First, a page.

About Breast Augmentation
Breast augmentation, also known as augmentation mammoplasty, is a very popular and common procedure that can increase your breast size by one or more sizes. By surgically inserting breast implants beneath the breast tissue or the chest muscle during breast augmentation, women can achieve larger, shapelier breasts. This type of breast enhancement is sometimes performed in conjunction with a breast lift. For some women, breast augmentation is a way to enhance self-image and self-confidence. For others, breast augmentation is part of breast reconstruction after surgery for breast cancer or other conditions affecting the breast.
Breast Augmentation Considerations:
Breast augmentation can dramatically improve the appearance of a woman’s breasts. During your breast augmentation consultation, you’ll learn more about your options for creating your ideal breast appearance, including:
• Implant size, style, and shape.
• Implant material (silicone, gel or saline).
• Implant position (above or below the pectoralis muscle).
• Implant incision site.
The goal is to create a natural and alluring look. Which implant size that will work best for you must be individually determined with your input. The size, shape, style, and type of implant will be decided after a comprehensive examination. Placing implants that are too large for the intended body size have greater chances of capsular contracture, discomfort and longer recovery times.
Incision Site Options:
INFRAMAMMARY INCISION: This is the most commonly used incision at the present time and is made below the breast fold. This incision is generally less concealed and may cause fewer breastfeeding difficulties than the periareolar incision option.
PERIAREOLAR INCISION: This incision site is typically the most concealed. It is associated with a higher likelihood of breast feeding difficulties than the other incision options because periareolar incision involves cutting through the breast tissue. This may also increase the chance that there will be a change in nipple sensation.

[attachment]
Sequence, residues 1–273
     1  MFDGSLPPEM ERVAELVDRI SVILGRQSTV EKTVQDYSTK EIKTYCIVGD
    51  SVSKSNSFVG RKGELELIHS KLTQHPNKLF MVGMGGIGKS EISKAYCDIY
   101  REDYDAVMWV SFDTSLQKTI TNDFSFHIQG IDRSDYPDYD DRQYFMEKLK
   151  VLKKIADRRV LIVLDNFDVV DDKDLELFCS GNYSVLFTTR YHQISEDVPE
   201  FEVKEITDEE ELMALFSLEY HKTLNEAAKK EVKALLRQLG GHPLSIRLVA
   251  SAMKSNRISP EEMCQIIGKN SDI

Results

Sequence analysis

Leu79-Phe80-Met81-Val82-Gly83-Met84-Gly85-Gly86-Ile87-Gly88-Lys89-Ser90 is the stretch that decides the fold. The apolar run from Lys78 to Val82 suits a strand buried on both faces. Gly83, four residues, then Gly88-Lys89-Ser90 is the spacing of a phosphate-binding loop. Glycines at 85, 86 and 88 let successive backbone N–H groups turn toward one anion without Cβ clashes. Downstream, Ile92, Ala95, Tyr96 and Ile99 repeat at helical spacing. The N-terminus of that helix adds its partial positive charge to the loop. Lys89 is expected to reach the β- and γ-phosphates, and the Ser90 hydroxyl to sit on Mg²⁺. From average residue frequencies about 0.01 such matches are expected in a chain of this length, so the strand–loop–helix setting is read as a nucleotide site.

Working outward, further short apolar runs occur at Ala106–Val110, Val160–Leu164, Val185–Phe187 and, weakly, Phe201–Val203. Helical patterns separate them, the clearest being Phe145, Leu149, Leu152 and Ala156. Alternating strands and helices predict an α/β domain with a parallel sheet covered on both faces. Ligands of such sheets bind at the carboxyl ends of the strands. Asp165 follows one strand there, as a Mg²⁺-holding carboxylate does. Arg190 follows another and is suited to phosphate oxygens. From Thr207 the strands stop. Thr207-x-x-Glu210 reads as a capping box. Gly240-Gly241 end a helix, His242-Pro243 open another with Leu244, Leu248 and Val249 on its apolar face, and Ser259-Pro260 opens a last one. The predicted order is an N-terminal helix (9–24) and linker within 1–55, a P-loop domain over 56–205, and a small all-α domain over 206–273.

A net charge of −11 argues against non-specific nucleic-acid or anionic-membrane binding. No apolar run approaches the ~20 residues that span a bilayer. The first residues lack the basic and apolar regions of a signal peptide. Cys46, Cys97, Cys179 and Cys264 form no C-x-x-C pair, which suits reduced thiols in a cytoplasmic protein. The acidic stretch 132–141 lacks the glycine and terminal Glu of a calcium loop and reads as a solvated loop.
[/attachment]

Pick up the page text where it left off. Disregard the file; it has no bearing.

TRANSAXILLARY INCISION: This incision is made under the arm. A lighted camera (endoscope) is used to help tunnel through the subcutaneous fat to create a pocket behind the breast. The implant is rolled up and pushed through the tunnel into place and filled before the incision is closed. This incision site is used primarily to place unfilled saline breast implants. TRANSUMBILICAL INCISION: The transumbilical incision is made in the belly button or umbilical channel. A lighted camera (endoscope) is used to help tunnel through the subcutaneous fat to create a pocket behind the breast. The implant is rolled up and pushed through the tunnel into place and filled before the incision is closed. This procedure makes for the greatest room for error when placing the implant due to the distance from the breast.
Breast Implant Placement Options:
SUB-MUSCULAR IMPLANT PLACEMENT: The breast implants are placed partially or wholly under the pectoralis major chest muscle. Sub-muscular implants may result in a longer, more painful recovery than sub-glandular implants. Sub-muscular placement may result in less palpable implants and may reduce the risk of developing capsular contracture , as well as offer easier mammographic imaging of the breast.
SUB-GLANDULAR IMPLANT PLACEMENT: The breast implant location is between your chest muscle and your breast tissue (under the glands). This placement may help reduce your surgery and recovery time. It may be less painful than sub-muscular placement and may make your breast implants easier to access if re-operation is necessary. Implants that are sub-glandular may be easier to see and feel through your skin. Each placement type has benefits that may be right for you. During your consultation you will discuss your desired outcome with your surgeon to select the best option for your figure.
What to expect: